If we suppose the narrator, Mrs. Johnson, were to change, the story would probably turn out differently. The main conflict in the story is between competing ways of life. Mrs. Johnson and Maggie prefer the quiet, country life in which they embrace their African-American roots. Dee is interested in modern American life but also in her African roots. If Mrs. Johnson changed and embraced modern living and her African heritage, she might have understood Dee's (Wangero's) outlook on life, but it seems unlikely that the narrator would embrace such an outlook as her own.
It also seems unlikely that the narrator would do things such as use the butter churn or the quilt for decorative purposes. She is much too practical and would think that such ideas are a waste.
However, for the sake of argument, what if the narrator was more like Dee? Even though the narrator says she's not interested in ancestors that predate the Civil War, she is partially reacting to the way that Wangero and Hakim-a-barber are being condescending. So, it's possible that the narrator could change and become interested in her African heritage. It's hard to say if she would someday accept a more modern way of life. But if the narrator was different, within the context and time frame of the story, she might have given Dee the quilts she asked for. She and Maggie might have moved to a more urban or suburban area. This is all speculation.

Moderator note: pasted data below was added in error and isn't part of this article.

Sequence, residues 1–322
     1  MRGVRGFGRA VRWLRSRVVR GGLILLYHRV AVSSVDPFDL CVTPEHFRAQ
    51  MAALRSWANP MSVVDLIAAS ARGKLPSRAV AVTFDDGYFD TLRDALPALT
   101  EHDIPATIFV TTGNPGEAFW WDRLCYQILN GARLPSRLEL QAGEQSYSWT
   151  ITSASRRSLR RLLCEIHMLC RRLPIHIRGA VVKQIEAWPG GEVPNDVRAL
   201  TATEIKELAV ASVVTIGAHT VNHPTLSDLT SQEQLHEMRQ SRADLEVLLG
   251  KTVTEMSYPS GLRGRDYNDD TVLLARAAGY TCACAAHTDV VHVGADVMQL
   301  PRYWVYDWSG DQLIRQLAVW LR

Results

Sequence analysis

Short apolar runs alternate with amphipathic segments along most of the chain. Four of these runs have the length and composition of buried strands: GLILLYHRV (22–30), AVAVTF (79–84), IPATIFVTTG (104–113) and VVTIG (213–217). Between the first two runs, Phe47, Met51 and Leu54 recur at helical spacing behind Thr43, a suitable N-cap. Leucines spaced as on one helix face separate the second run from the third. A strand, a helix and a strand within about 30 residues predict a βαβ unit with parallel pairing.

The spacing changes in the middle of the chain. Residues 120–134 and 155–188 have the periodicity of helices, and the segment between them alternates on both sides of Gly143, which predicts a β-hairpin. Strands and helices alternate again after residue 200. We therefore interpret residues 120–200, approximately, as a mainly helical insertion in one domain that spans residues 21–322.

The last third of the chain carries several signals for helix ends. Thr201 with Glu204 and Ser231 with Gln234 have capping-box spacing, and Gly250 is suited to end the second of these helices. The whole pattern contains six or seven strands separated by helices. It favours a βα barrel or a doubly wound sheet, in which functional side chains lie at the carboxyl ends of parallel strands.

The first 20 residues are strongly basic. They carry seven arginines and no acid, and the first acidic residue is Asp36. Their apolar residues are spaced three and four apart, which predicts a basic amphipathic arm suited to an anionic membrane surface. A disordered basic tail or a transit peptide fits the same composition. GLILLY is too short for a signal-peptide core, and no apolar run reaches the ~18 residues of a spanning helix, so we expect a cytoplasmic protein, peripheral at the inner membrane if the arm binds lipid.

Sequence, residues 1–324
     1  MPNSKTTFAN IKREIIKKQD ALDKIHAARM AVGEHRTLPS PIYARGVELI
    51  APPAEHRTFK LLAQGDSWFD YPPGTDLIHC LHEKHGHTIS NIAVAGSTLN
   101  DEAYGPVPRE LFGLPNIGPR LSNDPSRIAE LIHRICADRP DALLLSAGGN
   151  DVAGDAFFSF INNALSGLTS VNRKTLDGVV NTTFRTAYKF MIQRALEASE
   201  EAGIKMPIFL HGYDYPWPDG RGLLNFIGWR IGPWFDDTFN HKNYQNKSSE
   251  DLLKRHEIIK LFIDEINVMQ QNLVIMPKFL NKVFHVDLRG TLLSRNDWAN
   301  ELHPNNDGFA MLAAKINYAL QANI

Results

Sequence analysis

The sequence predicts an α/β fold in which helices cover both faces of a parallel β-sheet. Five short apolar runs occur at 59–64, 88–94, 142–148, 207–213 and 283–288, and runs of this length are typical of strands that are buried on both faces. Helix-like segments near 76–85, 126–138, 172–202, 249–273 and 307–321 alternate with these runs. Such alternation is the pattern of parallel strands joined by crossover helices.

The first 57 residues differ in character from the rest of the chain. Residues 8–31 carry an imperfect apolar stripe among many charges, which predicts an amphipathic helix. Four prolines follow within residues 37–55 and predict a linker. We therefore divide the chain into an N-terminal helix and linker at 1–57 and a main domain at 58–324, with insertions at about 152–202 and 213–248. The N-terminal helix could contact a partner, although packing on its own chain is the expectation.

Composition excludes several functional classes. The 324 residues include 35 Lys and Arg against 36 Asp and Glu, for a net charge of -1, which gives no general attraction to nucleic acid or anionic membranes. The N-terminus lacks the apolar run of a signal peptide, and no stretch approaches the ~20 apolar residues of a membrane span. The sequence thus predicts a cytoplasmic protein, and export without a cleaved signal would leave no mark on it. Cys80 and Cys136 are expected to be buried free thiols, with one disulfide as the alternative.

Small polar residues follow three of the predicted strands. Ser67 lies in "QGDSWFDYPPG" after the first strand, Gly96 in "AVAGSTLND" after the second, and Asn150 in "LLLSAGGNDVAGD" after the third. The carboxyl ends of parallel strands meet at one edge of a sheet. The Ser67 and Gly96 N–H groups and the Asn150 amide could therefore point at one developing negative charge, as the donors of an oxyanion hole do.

Dee has a point that it is important to know one's older heritage but she is dismissive of her recent African-American heritage. She also objectifies it, intending to use it simply for show. The main example is that she wants to hang the quilts instead of using them. If the narrator changed (becoming more modern and aware of her African heritage), it seems unlikely that she would disgrace her closest ancestors the way that Dee does. It might be more plausible that, following such a change, the narrator would have a few modern appliances in her house. She may even send away for some African blankets. Thus, she would embrace modern things and African cultural items as long as they have an "everyday use."